HAMDEN, Conn. - Former Quinnipiac women’s soccer players, Amanda Bilas ‘11 (Marshfield, Mass.) and Meagan McLoughlin ‘11 (Rocky Hill, Conn.), and senior Furtuna Velaj (Stamford, Conn.), have each used soccer to gain international experience throughout the past year.
Amanda Bilas, one of the Bobcats’ top defenders during her senior season in 2010, is currently working with Grassroot Soccer, a non-profit NGO that “uses the power of soccer to educate, inspire and mobilize communities to stop the spread of HIV.” Bilas is living in Zambia, Africa, where the HIV epidemic continues to negatively affect the community and its people. Bilas arrived in Lusaka, the capital of Zambia, in August of 2010 and is working with GRS for a year.
“I’m working a full year with no pay, across the ocean in a different hemisphere, and loving every second of it” said Bilas. “This place is amazing and it’s a great feeling to be able to say you’ve helped save millions of youth’s lives when you were just 22 years old.”
While in Zambia, Bilas acts as a program advisor who works directly with the Zambian Prevention Initiative to coordinate various programs and projects, tournaments and training. Currently, she and GRS are working on new curriculum which helps boys and girls adapt basic life skills, healthy behaviors and a risk-free lifestyle.
“In recent years, I have stressed the importance to my players of using soccer to give back to the community,” said Quinnipiac Women’s Soccer Head Coach Dave Clarke. “Amanda has taken that to another level by spending a year in Africa coaching soccer. I have the utmost respect for her decision to forgo the comforts of home and family to dedicate a year of her life to the game in a foreign country. She is a great role model and a fantastic representative of Quinnipiac Women's Soccer.”
Former QU standout, Meagan McLoughlin, is also living abroad, but in Schoten, Belgium. McLoughlin, another 2011 graduate, is currently playing with a club team called Beveren, also known as the “Sinaai girls.”
“This is an experience of a lifetime,” said McLoughlin. “I'm doing what I love and getting the chance to live abroad and travel. I couldn't ask for more!”
The Connecticut native played in her first game with Beveren in late January, where she helped lead the team to a 2-0 victory. After this season, which ends in May of 2012, McLoughlin plans on playing with the team for another year.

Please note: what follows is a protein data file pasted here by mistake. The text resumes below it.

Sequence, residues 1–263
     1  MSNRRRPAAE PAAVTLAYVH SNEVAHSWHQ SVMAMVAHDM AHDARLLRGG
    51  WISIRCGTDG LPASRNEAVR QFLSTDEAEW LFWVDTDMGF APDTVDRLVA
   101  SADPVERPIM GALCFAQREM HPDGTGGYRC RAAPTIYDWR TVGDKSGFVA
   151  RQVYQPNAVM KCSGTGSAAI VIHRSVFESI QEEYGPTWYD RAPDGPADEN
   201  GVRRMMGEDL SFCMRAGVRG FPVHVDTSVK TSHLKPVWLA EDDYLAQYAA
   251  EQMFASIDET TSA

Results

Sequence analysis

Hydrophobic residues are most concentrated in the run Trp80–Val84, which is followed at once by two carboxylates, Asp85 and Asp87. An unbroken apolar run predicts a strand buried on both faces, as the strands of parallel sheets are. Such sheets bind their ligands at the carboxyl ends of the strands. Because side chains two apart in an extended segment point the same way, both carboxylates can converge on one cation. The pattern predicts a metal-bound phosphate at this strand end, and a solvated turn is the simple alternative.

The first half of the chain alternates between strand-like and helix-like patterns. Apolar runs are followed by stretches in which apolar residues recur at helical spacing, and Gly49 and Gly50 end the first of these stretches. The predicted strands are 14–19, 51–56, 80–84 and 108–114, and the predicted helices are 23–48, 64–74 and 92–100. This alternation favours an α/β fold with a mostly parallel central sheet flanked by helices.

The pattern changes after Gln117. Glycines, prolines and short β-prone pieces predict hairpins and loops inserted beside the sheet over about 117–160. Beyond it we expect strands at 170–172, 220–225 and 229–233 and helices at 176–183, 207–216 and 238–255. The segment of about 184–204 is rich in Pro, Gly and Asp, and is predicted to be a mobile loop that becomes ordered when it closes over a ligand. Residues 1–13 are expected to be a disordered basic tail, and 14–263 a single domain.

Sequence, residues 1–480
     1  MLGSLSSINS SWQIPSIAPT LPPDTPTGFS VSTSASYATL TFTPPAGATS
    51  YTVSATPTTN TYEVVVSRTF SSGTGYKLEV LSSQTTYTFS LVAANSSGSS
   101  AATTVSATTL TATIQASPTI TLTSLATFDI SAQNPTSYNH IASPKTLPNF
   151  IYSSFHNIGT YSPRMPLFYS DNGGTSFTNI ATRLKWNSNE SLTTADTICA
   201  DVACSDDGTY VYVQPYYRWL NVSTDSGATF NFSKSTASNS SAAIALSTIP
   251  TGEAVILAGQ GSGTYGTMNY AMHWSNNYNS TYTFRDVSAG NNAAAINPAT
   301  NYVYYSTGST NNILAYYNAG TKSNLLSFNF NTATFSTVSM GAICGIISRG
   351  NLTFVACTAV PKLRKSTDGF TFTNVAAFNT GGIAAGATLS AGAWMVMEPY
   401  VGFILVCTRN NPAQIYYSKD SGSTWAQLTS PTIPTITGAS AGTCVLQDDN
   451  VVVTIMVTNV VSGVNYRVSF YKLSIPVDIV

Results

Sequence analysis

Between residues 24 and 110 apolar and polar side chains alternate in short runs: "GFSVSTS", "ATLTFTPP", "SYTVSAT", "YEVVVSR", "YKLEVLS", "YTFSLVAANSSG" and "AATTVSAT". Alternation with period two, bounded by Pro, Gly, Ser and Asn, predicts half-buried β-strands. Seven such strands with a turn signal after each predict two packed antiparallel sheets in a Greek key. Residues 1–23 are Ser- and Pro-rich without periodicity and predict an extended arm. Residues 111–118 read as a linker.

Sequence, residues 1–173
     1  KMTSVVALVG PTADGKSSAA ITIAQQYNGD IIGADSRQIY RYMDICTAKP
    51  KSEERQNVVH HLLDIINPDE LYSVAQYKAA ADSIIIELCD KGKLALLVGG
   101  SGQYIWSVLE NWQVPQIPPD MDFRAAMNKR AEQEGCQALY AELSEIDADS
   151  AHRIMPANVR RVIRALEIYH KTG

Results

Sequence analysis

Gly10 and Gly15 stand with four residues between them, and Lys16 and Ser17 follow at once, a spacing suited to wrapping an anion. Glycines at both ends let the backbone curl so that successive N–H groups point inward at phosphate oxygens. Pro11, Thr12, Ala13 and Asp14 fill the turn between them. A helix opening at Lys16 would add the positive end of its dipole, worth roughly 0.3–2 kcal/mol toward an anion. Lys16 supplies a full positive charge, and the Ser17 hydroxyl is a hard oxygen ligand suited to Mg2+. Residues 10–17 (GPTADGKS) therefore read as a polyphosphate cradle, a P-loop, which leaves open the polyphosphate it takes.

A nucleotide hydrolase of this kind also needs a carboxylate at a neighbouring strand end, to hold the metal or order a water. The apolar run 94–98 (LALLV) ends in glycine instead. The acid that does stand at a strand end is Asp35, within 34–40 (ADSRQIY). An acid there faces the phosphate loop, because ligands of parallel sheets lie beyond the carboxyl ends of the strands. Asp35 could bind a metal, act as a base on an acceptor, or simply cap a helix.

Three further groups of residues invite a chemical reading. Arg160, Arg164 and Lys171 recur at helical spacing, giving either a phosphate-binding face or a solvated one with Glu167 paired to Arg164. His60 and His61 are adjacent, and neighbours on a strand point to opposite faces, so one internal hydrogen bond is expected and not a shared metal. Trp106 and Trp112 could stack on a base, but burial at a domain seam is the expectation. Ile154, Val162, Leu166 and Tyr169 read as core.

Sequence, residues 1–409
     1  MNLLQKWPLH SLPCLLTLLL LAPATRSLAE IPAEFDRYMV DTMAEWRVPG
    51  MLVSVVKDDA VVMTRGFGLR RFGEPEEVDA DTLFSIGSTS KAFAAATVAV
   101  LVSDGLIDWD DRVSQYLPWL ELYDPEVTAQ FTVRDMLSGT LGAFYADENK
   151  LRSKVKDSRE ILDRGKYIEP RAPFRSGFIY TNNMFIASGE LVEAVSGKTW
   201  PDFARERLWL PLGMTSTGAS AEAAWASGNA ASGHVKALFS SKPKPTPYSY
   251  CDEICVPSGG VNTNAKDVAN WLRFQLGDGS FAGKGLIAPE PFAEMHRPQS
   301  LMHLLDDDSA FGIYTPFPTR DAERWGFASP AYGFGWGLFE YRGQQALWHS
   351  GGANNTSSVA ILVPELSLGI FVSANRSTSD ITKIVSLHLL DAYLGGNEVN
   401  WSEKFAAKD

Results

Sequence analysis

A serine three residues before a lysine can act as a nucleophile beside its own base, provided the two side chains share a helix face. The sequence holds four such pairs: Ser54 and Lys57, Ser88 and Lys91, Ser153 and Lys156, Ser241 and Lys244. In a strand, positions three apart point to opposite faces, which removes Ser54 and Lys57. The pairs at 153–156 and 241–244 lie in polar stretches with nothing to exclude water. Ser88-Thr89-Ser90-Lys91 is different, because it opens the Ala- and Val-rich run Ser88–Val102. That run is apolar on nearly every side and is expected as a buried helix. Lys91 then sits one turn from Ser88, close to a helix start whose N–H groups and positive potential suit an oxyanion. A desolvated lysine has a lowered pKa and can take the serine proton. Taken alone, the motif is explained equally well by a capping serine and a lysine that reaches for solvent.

“Most players do not get the opportunity to extend their careers beyond college, so for Meag to get the opportunity to play full time in Belgium is one she could not turn down,” said Clarke. “If she continues to develop as a player then it might even lead to her coming back and playing full time in the US. If not, she is still going to have a tremendous experience playing and living in a foreign country. I hope Meag serves as a motivation for some of our current players to continue to work hard and have the drive to fulfill their potential.”
Furtuna Velaj is currently finishing her senior year at Quinnipiac and is working towards her bachelor’s degree in political science. Velaj, originally from Kosovo, gained international experience as she was given the opportunity to play with the Albanian Women’s National Team after the close of the Bobcats’ 2011 season. After the Albanian head coach saw Velaj play while she studied abroad in England last year, he invited her to attend training camp during November of 2011.
“I enjoyed every moment,” said Velaj. “I loved the whole experience. Lining up, hearing the national anthem, it reminded me how passionate people are about soccer.”
Velaj traveled to Albania and trained with the team for a week before she played in her first international friendly against Macedonia on Nov. 10, 2011. Velaj helped lead the Albanian squad, which was made up of girls from several countries, to a 4-1 victory as she scored the team’s second goal of the outing.
“The program has a lot of potential,” said Velaj. “It’s a young program, but the players are dedicated and support is growing.” Velaj looks forward to continuing to play for Albania in the future, but still has dreams of suiting up for the United States.
“Furtuna has always wanted to play for the US Women's National Team, but the opportunity to represent her native Albania is one she could not turn down,” said Clarke. “To be selected to play for one's country is the ultimate honor for any soccer player and one which only a select few players get to enjoy. She has represented Quinnipiac with distinction in her four years here and now she will take that experience to Albania and try to help them qualify for a World Cup or Olympic Games.”
To learn more about Grassroot Soccer, please visit www.grassrootsoccer.org. You can learn more about Amanda’s experience working with GRS through her blog at http://akbilas.blogspot.com/ and donate to her internship by emailing her at email@example.com.
Contact: Lindsay Oliveri, firstname.lastname@example.org